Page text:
Hi All,

Recently while in the States I came across a series of videos that describe in detail how to build round sound boxes for banjos. In "banjo speak", the round frame for the banjo drum (sound box) is called a "rim" and it's been described as one of the more difficult parts of a banjo to build. However, the techniques shown in this series of videos provides a fairly simple method of building round banjo rims, assuming you have access to a fairly well equipped woodworking shop.

This series of videos was produced by Richard Brown (aka "bordertownbrown" on YouTube and BanjoHangout). His technique is to cut out 16 identical trapezoid shaped "blocks" and then glue them together to form a 16-sided (hexadecagon) rim, and then how to round off the 16 corners with a lathe to produce a perfectly round banjo rim. Here are the links to each of the videos in the 7 part series:

  1. "block rim video part1.mp4"
  2. "block rim video part2.mp4"
  3. "block rim video part3.mp4"
  4. "block rim video part4.mp4"
  5. "block rim video part5.mp4"
  6. "block rim video part6.mp4"
  7. "block rim video part7.mp4"

Using the techniques he described, I was able to build a pretty good 13.1" diameter rim. But not being trained in using the lathe, I used a fixed disk sander to round off the corners to slowly form a fairly round rim. Using this semi-manual form of rounding I got into +/- 1/8" and if you look closely you can see it is somewhat oblong, but I was pretty happy with the result. Maybe next summer I'll return to the States and learn to use the lathe so I can do a better job, or else build some jig for the sander (or perhaps the band saw) that would allow me to feed in a hexadecagon rim and yeild a circular rim.

The main problem I had was how to figure out how long to make each of the trapezoid blocks. I just guessed and built a 13" rim instead of the 12" rim I was trying for. If you are aiming to use an off-the-shelf manufactured banjo head instead of doing something custom, this measurement is important. As I recall typical rims are like 11" or 12". So, the big question is how long to make each trapezoid block to yield a particular diameter banjo rim?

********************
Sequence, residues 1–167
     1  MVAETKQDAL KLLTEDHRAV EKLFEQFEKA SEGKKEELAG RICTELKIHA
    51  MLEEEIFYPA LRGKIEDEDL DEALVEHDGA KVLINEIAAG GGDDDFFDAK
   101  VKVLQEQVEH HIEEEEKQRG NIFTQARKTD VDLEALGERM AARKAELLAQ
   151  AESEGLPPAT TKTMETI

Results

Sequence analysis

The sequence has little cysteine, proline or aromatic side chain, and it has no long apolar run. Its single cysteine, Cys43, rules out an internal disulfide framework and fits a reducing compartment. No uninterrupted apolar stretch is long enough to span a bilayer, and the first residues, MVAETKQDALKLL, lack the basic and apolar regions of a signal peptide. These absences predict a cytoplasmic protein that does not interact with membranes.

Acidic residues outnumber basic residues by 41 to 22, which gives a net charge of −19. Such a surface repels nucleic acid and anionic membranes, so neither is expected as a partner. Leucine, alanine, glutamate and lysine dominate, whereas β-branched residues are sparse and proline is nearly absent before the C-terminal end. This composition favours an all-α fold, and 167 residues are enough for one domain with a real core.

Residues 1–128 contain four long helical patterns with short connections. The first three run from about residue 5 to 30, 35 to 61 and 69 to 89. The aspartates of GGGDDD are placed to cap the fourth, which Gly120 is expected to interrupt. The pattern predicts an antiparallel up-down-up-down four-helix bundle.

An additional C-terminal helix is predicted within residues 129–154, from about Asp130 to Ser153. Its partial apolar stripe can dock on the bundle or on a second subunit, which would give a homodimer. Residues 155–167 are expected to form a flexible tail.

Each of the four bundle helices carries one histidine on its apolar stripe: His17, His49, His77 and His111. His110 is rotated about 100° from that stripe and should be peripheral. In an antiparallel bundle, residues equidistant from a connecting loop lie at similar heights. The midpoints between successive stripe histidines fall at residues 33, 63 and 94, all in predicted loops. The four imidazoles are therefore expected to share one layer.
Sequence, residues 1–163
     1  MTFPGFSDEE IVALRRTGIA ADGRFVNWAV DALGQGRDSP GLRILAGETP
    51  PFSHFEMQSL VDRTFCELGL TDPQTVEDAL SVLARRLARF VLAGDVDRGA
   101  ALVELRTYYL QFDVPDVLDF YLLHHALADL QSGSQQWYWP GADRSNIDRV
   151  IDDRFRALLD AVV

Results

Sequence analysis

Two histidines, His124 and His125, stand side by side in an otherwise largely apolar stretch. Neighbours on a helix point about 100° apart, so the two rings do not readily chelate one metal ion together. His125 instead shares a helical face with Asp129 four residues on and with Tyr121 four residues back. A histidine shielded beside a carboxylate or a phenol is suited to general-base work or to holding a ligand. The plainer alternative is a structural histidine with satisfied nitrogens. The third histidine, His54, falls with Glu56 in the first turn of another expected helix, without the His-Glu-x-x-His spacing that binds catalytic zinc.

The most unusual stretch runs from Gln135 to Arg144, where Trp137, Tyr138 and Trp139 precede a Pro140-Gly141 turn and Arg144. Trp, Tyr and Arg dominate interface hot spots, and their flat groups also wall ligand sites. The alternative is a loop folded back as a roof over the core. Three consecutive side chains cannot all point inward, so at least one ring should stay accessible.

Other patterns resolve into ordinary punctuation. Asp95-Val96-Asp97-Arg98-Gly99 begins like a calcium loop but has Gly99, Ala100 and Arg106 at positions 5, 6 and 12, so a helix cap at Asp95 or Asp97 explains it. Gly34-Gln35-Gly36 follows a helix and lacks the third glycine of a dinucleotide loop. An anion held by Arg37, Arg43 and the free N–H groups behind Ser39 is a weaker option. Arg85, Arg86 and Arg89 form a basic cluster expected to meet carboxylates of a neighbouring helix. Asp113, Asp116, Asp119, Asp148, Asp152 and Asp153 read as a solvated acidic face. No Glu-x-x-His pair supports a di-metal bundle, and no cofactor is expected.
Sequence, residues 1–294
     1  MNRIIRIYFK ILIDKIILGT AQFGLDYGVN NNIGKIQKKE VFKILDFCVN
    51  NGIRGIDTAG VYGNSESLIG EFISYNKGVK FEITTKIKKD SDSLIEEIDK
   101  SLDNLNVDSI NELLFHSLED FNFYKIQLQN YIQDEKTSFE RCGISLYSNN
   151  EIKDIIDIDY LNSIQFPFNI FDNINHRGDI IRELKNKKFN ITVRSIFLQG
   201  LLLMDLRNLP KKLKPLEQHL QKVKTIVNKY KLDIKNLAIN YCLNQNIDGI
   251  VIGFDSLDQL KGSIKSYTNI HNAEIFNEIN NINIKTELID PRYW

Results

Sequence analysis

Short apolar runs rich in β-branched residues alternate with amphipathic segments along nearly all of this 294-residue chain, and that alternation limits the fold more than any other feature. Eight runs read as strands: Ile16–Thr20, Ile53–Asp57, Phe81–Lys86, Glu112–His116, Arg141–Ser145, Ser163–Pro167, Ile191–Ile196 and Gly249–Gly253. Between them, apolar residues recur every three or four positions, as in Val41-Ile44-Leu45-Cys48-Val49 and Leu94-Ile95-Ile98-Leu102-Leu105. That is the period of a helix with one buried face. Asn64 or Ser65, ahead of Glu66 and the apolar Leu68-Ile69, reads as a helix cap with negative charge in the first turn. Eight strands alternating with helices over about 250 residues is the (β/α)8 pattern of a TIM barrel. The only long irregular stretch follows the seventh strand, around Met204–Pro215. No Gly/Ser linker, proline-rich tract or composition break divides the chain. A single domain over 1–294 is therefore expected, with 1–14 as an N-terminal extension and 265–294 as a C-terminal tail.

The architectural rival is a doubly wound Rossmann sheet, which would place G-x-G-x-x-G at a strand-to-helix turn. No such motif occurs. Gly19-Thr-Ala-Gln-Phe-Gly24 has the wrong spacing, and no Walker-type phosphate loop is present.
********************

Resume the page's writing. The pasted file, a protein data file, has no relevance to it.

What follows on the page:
I am working on a general solution to this problems. I have been able to make some mental leaps to come up with what seems to be the right answer, but since I'm now in China, I can no longer prove the solution by building one. So, in the next few days I see if I can come up with a complete logical proof. In the meantime, I welcome any input you may have.

My current solution is to subdivide a circle into 16 pie slices where each pie slice is an isosceles triangle. The vertex angle of the isosceles triangle is calculated by dividing 360 by the number of sides. In this case 360 / 16 equals 22.5 degrees. The length of the two equal length sides of the isosceles triangle should be half the length of the desired diameter of the banjo rim. If we want to build a 12" rim, then the two sides will be 6" in length. I found a triangle calculator on the Internet, specified the vertex angle and the length of both sides. I adjusted the base angle until they were what I think they should be [(180-22.5)/2  = 78.75 degrees]. The answer it gave was 2.34 inches.So, to build the 16 trapezoid blocks, start with a long length of wood about 3/4" thick and for each block cut off the two short sides by 11.25 degrees as shown below. Cut using a chop saw as shown in the video, turning the the supply board with each cut so that the block will have this trapezoidal shape.

Then, once the 16 blocks are cut, use some blue painters tape and a straight edge (board) to align the 16 trapezoid blocks and then wrap it into a circle. Measure the result. It should be very close to 12" in diameter. But this diameter will be truest at the corners of the rim, which will get trimmed off on the lathe (sander or band saw). So, it seems we will need to make the width a bit wider, maybe 1/4" wider (I'm not sure), so that when we trim the corners, the final rim diameter can be cut spot on.

Well, that's all I have for now. Will update this tread as I gain more experience, and you are invited to comment on it if you have any additional info to provide.





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Replies to This Discussion

If we increase the length of the two sides of the isosceles triangle by 0.25" (to 6.25"), the calculation for the base will increase to 2.4 degrees (up from 2.34 degrees). So the trapezoid block dimensions for a 12" rim should be: